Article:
Technology The Perils of Overhyping Artificial Intelligence
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April 6, 2021
Julia Ciocca, Michael C. Horowitz, and Lauren Kahn | Foreign Affairs
In 1983, the U.S. military’s research and development arm began a ten-year, $1 billion machine intelligence program aimed at keeping the United States ahead of its technological rivals. From the start, computer scientists criticized the project as unrealistic. It promised big and ultimately failed hard in the eyes of the Pentagon, ushering in a long artificial intelligence (AI) “winter” during which potential funders, including the U.S. military, shied away from big investments in the field and abandoned promising areas of research.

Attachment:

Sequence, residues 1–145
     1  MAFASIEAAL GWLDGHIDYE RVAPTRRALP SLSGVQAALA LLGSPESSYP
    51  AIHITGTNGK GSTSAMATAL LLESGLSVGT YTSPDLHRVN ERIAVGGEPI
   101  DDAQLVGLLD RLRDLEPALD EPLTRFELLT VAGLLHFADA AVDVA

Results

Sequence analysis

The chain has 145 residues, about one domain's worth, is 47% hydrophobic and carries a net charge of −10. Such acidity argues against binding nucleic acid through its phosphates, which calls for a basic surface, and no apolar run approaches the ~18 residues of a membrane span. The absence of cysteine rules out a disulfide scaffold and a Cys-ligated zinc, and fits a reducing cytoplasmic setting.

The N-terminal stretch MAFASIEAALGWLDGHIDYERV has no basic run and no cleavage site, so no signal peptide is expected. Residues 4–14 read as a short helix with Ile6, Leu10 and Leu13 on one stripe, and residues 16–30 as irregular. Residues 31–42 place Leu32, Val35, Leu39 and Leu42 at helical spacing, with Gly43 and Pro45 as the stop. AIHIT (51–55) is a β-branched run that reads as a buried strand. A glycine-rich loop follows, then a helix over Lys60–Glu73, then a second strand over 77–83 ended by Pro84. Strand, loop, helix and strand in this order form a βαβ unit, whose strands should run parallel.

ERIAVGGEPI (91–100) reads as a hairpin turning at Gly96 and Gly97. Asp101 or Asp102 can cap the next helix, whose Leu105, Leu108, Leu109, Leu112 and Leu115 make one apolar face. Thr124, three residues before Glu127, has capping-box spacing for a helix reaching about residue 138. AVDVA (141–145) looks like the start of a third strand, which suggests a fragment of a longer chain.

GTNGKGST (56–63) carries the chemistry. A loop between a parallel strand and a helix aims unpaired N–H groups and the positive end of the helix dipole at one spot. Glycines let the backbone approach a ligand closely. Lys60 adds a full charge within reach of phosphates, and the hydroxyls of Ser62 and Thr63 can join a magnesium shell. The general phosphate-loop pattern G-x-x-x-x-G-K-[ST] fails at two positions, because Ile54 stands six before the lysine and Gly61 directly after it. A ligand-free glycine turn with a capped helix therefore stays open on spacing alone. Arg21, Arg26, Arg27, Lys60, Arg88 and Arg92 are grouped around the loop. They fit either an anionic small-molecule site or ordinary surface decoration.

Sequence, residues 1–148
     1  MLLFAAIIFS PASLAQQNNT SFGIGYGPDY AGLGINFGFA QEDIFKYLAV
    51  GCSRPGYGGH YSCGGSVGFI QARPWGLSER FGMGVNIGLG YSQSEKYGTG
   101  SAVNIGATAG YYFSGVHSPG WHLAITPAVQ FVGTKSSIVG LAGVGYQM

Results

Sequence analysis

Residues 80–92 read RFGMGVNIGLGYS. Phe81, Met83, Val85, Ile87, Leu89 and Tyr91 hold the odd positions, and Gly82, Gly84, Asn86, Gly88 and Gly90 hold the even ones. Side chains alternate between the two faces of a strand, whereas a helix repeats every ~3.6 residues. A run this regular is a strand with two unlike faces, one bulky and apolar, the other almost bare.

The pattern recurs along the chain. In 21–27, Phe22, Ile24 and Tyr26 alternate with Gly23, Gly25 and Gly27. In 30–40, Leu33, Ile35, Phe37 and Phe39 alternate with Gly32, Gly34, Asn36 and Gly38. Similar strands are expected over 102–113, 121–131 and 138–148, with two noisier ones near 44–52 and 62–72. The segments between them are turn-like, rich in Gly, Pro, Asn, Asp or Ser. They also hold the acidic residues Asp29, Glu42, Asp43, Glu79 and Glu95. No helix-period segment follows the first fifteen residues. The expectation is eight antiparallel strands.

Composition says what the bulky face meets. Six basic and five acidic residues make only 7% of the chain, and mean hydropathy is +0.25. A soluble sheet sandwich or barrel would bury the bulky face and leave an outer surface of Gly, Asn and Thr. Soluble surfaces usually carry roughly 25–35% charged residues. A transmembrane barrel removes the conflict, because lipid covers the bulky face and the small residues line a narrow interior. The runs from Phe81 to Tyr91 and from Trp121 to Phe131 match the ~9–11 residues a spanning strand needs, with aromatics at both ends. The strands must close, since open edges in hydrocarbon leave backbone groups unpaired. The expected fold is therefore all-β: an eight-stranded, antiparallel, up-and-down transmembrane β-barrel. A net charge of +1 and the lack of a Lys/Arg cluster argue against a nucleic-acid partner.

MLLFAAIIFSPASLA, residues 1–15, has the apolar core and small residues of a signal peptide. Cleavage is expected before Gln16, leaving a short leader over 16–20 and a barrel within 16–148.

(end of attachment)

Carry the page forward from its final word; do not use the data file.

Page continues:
Today, AI is once again the darling of the national security services. And once again, it risks sliding backward as a result of a destructive “hype cycle” in which overpromising conspires with inevitable setbacks to undermine the long-term success of a transformative new technology. Military powers around the world are investing heavily in AI, seeking battlefield and other security applications that might provide an advantage over potential adversaries. In the United States, there is a growing sense of urgency around AI, and rightly so. As former Secretary of Defense Mark Esper put it, “Those who are first to harness once-in-a-generation technologies often have a decisive advantage on the battlefield for years to come.” However, there is a very real risk that expectations are being set too high and that an unwillingness to tolerate failures will mean the United States squanders AI’s potential and falls behind its rivals.